We’re also looking at copper door handles for future developments because they have antibacterial properties.
Implied social barriers in design
I think interior design will really start to show both real and implied barriers between people in public and common areas. There is going to be this new understood standard of six feet of separation – similar to how ten thousand steps became a thing.
I think you’ll see things like planters, art pieces, carpet tiles and other decorative furnishings that allow for high design and openness to the space. But they’re also going to help create the implied barriers to maintain the social distancing standards that people are going to have to come to expect.
HVAC and elevators
We’ve recently been working on an HVAC report with Knight Frank and architects MSM. We shared that 28 percent of all our reviews mentioned overheating in new build properties – particularly relevant last year because we had a very hot summer.
New ventilation technologies are crucial, not just for the apartments but also for the communal areas, because that’s where you get the buildup of heat. What new technologies are you seeing in this area?
For HVAC, and also for elevators, new technology is going to be a game-changer and it’s really exciting.
For buildings that have a central HVAC system, we’re adding carbon filtration to the system to get the air to circulate more frequently and ensure that it’s cleaner.
When you look at the Internet of Things, assuming you’ve got the right network built in the beginning, you could latch on technology that will tell you whether your HVAC system is functioning properly. If it’s not functioning well, you’re not getting clean air.
AI will ensure the highest comfort for tenants while being energy efficient. You’ll be able to track that from a dashboard that’s telling you right away when you should have it checked out. The approach will be prescriptive versus the current reactive approach.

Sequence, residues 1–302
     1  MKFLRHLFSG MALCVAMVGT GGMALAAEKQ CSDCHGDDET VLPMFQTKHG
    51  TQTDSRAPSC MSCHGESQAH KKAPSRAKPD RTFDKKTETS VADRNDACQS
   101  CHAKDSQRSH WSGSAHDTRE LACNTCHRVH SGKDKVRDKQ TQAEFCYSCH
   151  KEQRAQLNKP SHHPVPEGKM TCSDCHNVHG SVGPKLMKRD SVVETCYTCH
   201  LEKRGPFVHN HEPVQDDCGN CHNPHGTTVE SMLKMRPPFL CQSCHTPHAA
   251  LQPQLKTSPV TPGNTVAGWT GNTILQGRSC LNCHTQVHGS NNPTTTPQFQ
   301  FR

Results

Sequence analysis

This extends to things like elevators. You’ll be able to track when your peak times are and shut them down for servicing when they’re being used the least. Those savings can be pushed back to your consumer.
This could be a slight tangent, but there is also an interesting conversation here about the impact on construction as well as the design and running of buildings. If you’re building modular homes, factory-made and brought onto site, then slotted together, you don’t have issues with social distancing of workers on site, or time lags with multiple different suppliers globally.
Would you say this is going to have the same effect on the construction industry, this sort of fast-track technology?
You’re absolutely right. Similar to all these new technologies, modular housing is going to apply in the build to rent world. Not only is it quicker, cheaper and greener, but as you say – fewer construction workers are involved in modular housing.
Look at the Greystar scheme coming up in Croydon [Ten Degrees – image above]. I think it’s going to open up a lot of developers’ eyes to look at modular projects like that – Greystar is definitely ahead of the curve in this area.
Setting your brand apart
Developers are going to be able to separate themselves from the competition by being very proactive with dealing with this pandemic. I think there’s going to be a resurgence of innovation teams and the production of white papers – a lot of sharing of ideas and technologies. This is really exciting.
Having a brand that resonates with the consumer right now is important. Consumers will remember which brands were proactive in addressing the issues during the pandemic and which were forward-thinking in their approach.
See what residents are saying about 20 UK Build to Rent operators providing outstanding service.